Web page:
And the cloud base station architecture is “more robust”, he adds, because it is more resilient — so many antennas close together in a tightly-managed cloud means the system can cope with the occasional failure.
A conventional base station that covers a square kilometre of a city centre will leave that area without coverage if it fails. If there are 150 microcells in a square kilometre, as there are with the Wireless City Planning system, the failure of one will have little impact.
SoftBank is working on an aggressive roll-out campaign. “We are planning to cover all big cities in Japan within this year,” says Chika. “If we need we can quickly install more sites because we have a lot of sites. We have the technology to reduce interference and we can operate at very high speed.”
He believes this architecture will be right for other urban operators such as AT&T and Verizon Wireless in the US. “Not only SoftBank but other operators such as AT&T and Verizon have capacity issues right now. The only way to solve it is microcells. It is essential to the future of New York, London, Paris, wherever there is a big city.”
Huawei, though it has played a prominent part in the project, is not the only vendor. ZTE is supplying some base stations, says Chika, though he will not divulge the split between the two rival vendors. “The core network is provided by Ericsson, and the access network is from Alcatel-Lucent,” he adds.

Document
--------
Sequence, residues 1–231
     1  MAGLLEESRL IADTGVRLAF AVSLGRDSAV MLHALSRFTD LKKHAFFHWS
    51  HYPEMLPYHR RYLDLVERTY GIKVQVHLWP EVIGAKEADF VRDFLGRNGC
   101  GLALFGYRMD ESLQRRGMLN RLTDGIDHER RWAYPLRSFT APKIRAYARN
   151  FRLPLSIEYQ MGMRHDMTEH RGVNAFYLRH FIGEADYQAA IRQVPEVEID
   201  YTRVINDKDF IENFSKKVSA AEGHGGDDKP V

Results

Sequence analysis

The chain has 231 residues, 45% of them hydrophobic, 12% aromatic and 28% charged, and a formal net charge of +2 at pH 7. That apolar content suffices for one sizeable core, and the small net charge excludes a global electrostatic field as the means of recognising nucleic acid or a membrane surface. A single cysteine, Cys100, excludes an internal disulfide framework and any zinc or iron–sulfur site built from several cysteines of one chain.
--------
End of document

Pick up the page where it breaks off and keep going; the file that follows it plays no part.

SoftBank will run its WCP network in parallel with its existing 3G network, which uses the GSM family’s WCDMA standard. “We have a very nice 3G nationwide network. The capacity issue applies to urban network only,” says Chika.
That means that SoftBank is using dual-mode 3G and 4G terminals — and also dual mode in that 3G uses FDD but the 4G LTE network uses TDD.
So the WCP network will be urban, and the 3G network will be for less dense areas. Ultimately though, SoftBank presentations hint that everything will eventually migrate to LTE, with a cocktail of frequency bands and cell sizes that are carefully coordinated — so that macro cells will use 700-900 and 1800-1900 megahertz, microcells will be on 2100, with picocells on 2600 and 3500 megahertz.
There are, believes Chika, two major challenges for SoftBank’s Wireless City Planning project: to provide true mobile broadband. And to launch before China. If the commercial launch at the end of February goes well, he will be well on the way. GTB
Further reading from Global Telecoms Business:
DirecTV launches TD-LTE in Brazil 14 Dec 2011
China Mobile to expand TD-LTE in 2012 24 Nov 2011
Sprint 'to introduce LTE' in 2012 29 Sep 2011
China Mobile to try TD-LTE in six cities 28 Mar 2011